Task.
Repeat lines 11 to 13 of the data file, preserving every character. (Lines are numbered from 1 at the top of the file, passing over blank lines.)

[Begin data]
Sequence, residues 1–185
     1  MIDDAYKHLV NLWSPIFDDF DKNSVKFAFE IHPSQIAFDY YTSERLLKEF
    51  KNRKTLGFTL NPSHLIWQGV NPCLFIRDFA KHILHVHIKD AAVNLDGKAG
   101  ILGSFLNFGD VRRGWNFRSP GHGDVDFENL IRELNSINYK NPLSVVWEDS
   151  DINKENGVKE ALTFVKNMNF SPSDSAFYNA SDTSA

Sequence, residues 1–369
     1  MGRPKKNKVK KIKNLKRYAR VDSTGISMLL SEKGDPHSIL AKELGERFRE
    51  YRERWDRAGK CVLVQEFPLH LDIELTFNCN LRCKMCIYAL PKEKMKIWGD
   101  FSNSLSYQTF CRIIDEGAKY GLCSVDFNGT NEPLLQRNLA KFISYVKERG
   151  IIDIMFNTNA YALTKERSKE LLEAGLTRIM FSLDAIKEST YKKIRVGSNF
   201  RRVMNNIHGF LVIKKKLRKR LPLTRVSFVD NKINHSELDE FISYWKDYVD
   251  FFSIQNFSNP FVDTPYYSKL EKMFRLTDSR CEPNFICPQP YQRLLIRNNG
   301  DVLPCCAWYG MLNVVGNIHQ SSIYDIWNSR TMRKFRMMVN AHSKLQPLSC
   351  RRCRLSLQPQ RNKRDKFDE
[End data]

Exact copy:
   201  RRVMNNIHGF LVIKKKLRKR LPLTRVSFVD NKINHSELDE FISYWKDYVD
   251  FFSIQNFSNP FVDTPYYSKL EKMFRLTDSR CEPNFICPQP YQRLLIRNNG
   301  DVLPCCAWYG MLNVVGNIHQ SSIYDIWNSR TMRKFRMMVN AHSKLQPLSC